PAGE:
1134 User Guide

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Getting Started

Welcome to the 1134 user guide! In order to get started, make sure you have the following hardware on hand:


Next, you will need to connect the pieces:

1134 0 Connecting The Hardware.jpg
  1. Connect the 1134 to the HUB0000 with the Phidget cable.
  2. Connect a variable resistance sensor to the terminal block on the 1134.
  3. Select an appropriate measurement range for your application by toggling the desired DIP switch. We are toggling the 27.4K switch. When the switch is down, the associated measuring resistor is selected. It is possible to have more than one switch toggled and have the resistors in parallel.
  4. Connect the HUB0000 to your computer with the USB cable.


Now that you have everything together, let's start using the 1134!

Using the 1134

Phidget Control Panel

In order to demonstrate the functionality of the 1134, we will connect it to the HUB0000, and then run an example using the Phidget Control Panel on a Windows machine.


The Phidget Control Panel is available for use on both macOS and Windows machines. If you would like to follow along, first take a look at the getting started guide for your operating system:


Linux users can follow the getting started with Linux guide and continue reading here for more information about the 1134.

First Look

After plugging in the 1134 into the HUB0000, and the HUB0000 into your computer, open the Phidget Control Panel. You will see something like this:

HUB0000 Panel.jpg


The Phidget Control Panel will list all connected Phidgets and associated objects, as well as the following information:

  • Serial number: allows you to differentiate between similar Phidgets.
  • Channel: allows you to differentiate between similar objects on a Phidget.
  • Version number: corresponds to the firmware version your Phidget is running. If your Phidget is listed in red, your firmware is out of date. Update the firmware by double-clicking the entry.


The Phidget Control Panel can also be used to test your device. Double-clicking on an object will open an example.

Voltage Ratio Input

Double-click on a Voltage Ratio Input object in order to run the example:

1018 Sensors VoltageRatioInput.png


General information about the selected object will be displayed at the top of the window. You can also experiment with the following functionality:

  • Modify the change trigger and/or data interval value by dragging the sliders. For more information on these settings, see the data interval/change trigger page.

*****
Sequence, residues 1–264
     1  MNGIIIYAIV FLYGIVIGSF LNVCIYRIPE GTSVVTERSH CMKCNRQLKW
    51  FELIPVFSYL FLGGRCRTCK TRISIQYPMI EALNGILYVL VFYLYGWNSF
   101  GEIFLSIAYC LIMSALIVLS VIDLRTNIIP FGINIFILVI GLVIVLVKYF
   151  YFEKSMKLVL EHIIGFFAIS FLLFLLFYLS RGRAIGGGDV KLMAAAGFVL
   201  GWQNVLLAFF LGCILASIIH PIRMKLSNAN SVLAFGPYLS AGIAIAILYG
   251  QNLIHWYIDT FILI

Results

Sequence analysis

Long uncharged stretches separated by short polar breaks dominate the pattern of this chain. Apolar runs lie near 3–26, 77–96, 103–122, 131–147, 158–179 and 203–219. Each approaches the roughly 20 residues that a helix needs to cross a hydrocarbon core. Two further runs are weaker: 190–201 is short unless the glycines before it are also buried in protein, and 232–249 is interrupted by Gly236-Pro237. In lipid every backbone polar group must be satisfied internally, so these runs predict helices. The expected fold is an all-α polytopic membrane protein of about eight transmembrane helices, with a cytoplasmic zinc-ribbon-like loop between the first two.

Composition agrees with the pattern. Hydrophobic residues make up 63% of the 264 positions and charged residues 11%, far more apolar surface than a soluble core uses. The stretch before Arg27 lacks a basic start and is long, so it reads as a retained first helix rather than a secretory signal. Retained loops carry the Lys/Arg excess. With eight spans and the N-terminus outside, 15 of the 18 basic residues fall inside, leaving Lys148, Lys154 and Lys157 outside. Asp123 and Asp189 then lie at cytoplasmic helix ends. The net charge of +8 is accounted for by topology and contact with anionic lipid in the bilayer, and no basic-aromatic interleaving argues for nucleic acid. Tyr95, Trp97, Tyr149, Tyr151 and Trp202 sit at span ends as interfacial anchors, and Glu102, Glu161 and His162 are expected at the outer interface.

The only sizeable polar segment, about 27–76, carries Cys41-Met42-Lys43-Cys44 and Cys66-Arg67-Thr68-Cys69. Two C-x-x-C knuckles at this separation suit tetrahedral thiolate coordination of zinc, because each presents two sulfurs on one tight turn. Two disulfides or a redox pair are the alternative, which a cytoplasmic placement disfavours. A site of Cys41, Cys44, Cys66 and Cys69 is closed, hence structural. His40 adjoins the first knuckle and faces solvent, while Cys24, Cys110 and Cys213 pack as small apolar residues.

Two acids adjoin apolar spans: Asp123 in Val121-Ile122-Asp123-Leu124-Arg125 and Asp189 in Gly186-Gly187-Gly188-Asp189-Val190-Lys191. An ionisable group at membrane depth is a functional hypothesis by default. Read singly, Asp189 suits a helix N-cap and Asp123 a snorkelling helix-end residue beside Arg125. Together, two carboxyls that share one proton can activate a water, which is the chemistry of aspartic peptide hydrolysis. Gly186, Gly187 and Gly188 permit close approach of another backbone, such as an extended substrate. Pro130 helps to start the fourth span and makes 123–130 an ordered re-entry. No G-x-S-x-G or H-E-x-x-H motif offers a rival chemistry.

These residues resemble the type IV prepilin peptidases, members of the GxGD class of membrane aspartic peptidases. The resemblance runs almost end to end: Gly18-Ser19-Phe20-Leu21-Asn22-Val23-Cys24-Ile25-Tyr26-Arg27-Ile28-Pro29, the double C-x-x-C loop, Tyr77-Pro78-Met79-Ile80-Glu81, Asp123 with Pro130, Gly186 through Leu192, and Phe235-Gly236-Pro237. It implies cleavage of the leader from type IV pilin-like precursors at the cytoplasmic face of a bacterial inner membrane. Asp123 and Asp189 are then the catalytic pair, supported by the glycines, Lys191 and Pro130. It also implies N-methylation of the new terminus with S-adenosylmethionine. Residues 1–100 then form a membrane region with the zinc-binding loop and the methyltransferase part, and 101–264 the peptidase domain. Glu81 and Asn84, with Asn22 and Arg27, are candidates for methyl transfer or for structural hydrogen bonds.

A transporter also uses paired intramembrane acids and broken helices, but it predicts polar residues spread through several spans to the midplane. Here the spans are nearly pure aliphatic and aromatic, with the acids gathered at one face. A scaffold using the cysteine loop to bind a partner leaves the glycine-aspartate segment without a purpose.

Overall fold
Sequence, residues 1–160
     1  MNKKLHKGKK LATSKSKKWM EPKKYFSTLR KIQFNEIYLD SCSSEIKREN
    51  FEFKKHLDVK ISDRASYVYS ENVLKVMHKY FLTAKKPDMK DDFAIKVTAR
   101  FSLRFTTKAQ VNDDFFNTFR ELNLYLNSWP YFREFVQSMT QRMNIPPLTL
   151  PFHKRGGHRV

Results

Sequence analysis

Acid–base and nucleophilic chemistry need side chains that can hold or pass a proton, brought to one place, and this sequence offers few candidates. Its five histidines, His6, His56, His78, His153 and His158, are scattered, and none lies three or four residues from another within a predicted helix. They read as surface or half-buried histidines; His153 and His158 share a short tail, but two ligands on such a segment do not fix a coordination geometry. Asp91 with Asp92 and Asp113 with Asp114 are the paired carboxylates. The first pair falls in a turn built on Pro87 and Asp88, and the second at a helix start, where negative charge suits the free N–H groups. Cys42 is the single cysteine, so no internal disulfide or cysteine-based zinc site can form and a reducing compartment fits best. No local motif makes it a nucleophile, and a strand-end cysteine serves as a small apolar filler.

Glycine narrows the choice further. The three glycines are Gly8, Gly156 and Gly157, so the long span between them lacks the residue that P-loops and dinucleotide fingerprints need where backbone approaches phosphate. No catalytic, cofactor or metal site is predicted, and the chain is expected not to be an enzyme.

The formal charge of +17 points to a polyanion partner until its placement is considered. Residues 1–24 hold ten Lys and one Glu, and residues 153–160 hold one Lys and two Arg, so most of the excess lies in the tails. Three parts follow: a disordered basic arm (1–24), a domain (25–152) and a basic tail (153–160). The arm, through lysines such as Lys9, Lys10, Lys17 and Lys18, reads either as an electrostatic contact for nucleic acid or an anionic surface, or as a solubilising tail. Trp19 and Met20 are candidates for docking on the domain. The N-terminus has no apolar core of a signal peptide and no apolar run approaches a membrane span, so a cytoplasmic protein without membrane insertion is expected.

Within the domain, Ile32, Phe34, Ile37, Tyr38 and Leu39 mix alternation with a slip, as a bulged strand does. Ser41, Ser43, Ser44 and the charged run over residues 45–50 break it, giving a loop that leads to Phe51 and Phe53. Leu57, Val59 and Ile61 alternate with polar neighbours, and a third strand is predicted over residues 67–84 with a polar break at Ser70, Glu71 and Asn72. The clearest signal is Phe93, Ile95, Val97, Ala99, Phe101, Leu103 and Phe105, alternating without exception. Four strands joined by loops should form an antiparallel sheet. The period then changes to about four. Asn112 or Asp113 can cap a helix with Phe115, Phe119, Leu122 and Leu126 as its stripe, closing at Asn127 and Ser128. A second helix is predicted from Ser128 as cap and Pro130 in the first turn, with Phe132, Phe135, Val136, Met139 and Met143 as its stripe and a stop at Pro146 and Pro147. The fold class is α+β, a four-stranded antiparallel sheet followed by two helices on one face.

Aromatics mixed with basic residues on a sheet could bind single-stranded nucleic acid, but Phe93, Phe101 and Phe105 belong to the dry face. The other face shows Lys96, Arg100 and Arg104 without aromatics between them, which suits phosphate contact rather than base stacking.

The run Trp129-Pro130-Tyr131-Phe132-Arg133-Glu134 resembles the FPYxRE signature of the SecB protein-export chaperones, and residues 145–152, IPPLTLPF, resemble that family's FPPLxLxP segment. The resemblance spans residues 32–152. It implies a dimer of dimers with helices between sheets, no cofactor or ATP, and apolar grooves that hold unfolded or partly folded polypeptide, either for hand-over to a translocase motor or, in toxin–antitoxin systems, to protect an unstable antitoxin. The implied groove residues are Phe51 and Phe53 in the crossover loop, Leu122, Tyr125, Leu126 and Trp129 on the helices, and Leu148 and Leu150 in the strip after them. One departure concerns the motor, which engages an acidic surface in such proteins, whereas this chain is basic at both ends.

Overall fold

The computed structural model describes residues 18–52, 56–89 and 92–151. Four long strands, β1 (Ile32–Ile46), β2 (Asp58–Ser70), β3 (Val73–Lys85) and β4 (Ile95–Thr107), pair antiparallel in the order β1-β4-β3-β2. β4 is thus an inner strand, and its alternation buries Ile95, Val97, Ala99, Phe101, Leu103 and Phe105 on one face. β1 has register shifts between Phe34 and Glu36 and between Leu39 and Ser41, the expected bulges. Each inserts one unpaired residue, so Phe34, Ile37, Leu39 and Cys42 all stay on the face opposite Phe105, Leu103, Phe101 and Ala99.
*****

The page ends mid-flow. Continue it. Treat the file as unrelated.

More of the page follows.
• Select the 1134 from the Sensor Type drop-down menu. The Sensor Value will now return a value between 0 and 1.


Technical Details

General

The 1134 is a voltage divider with switches. The switches can be used to control which resistors are used in the voltage divider. From left to right, the resistance values (in Ohms) are 249, 820, 2.61K,8.45K, 27.4K, 91K, 300K and 1M. It is possible to have multiple switches flipped, putting the corresponding resistors in parallel.

Formulas

The Formula to translate voltage ratio from this sensor into resistance is:



Where Req is the equivalent resistance of the switches that are flipped on in Ohms. The Switchable Voltage Divider has an internal buffer on the output. This allows the output to be read without distortion caused by the device reading the measurement, such as the HUB0000 (or compatible product).

Configuring the Voltage Divider

To optimize the 1134 to meet your needs, you have to adjust the switchable resistance to match the characteristics of your chosen variable resistor. First, adjust the resistance for no stimuli on your sensor, then apply maximum stimuli and make sure that the voltage stays within a range that gives you an acceptable resolution. The formula is most accurate at a voltage of 2.5V, with an error of 0.4%. At 0.5V and 4.5V, the error increases to approximately 1.1% and at 0.25V and 4.75V, it increases to 2.1%. As a general rule, if the voltage is over 4.5V, a lower resistance should be switched in. If the voltage is below 0.5V, a higher switch should be toggled. Continue adjusting the switches until you find an acceptable range.


1134 0 InternalDiagram.jpg


Warning: It is possible for the 1134 to apply up to 5V to the variable resistor. If the resistor cannot handle this voltage, it can be damaged. The 1134 is a very simple way of measuring resistance. When interfacing to sensors with small resistances (like 100Ω RTDs, for instance), large currents can flow - up to 30mA. This level of current may cause substantial heating in the variable resistor, distorting the measurement or even possibly permanently damaging it.

Variable resistance sensors

Here are some interesting variable resistance sensors that could be used with the 1134.

Manufacturer Sensor Type Example Digikey Search
CUI Inc. Force Sensors IESP-12 force sensor
U.S. Sensor Thermistors 615-1037-ND thermistor radial
IMAGES Bend Sensors FLX-01 n/a


Phidget Cable

Analoginput.jpg

The Phidget Cable is a 3-pin, 0.100 inch pitch locking connector. Pictured here is a plug with the connections labelled. The connectors are commonly available - refer to the Analog Input Primer for manufacturer part numbers.

What to do Next

  • Software Overview - Find your preferred programming language here and learn how to write your own code with Phidgets!
  • Phidget22 API - The API is a universal library of all functions and definitions for programming with Phidgets. Just select your language and device and it'll give you a complete list of all properties, methods, events, and enumerations that are at your disposal.